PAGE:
The analogies are as important as the arguments and in one of them Socrates analogy to a medical doctor is the most interesting. He says the philosopher's cures the mind while doctor cures the body. In one analogy, which is funny, Socrates compares the mind to a bird cage where knowledge is like birds, fluttering, where you try to reach for one thought and catch the wrong one.
    Like the above ones there are many important analogies described by Plato about Socrates in his works.
  5. Recurrent Themes
    Plato thought a lot about the "father-son" relationship. He questioned whether father's interest in his son's had any direct relation with their character. According to Socrates, he was a son of his mother who was a midwife and made fun of father of spent huge amount of money on the education of their sons. He considered character of a person as 'god-gifted'. Knowledge is a matter of recollection, and not of learning, observation, or study is Socrates' viewpoint. This view is in contrast of his nature of forgetfulness. Knowledge is not a practical but comes from divine power. Socrates believed in immortality and afterlife. Most of his dialogues are antithesis of knowledge and opinion, perception and reality, nature and custom, and body and soul. Socrates always had something to say about art, religion and science, justice and medicine, virtue and vice, crime and punishment, pleasure and pain, rhetoric and rhapsody, human nature and sexuality, love and wisdom.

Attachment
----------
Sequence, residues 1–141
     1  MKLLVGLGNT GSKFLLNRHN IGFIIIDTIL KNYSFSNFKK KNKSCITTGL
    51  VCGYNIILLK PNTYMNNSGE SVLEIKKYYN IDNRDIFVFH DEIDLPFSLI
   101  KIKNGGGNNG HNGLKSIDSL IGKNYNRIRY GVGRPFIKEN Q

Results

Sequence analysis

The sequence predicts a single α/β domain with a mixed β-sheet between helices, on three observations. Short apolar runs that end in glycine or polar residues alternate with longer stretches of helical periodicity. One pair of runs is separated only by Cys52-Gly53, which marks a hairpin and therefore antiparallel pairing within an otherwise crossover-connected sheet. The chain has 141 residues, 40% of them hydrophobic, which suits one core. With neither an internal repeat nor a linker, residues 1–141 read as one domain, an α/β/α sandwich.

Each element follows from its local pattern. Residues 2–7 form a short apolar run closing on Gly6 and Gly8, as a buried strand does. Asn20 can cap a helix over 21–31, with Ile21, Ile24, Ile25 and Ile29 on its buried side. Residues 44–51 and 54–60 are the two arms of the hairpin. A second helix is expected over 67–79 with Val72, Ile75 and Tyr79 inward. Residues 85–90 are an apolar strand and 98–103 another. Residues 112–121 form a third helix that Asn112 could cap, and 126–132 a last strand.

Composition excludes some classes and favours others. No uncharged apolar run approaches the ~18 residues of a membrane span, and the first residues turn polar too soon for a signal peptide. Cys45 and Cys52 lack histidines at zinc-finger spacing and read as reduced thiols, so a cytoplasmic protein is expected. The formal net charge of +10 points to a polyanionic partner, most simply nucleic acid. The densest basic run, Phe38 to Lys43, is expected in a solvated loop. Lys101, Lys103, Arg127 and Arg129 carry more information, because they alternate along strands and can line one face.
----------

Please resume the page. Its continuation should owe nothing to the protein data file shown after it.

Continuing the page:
6. Metaphysics
    Socrates always denied the existence of material world. This concept of denying and its consequences is called 'Platonism'. Socrates tries to change common man's concept of 'reality' i.e. a thing has to graspable to be real. According to him reality is unavailable to those who use their senses and this clashes his views with the common man. Physical objects and events are shadows of the ideal form and exist to the degree that they create a perfect version of ideal form. They are a transitory occurrence as the shadows. They are mere instances of the ideal forms. The world metaphysics is derived from Aristotle's works on divine reality came after ("meta") his lecture notes on his treatise on nature ("physics"). Plato's metaphysics is understood as the conflicting spheres of material and divine. This theory has cast an important influence on Western philosophy and religion.
  7. Theory of Forms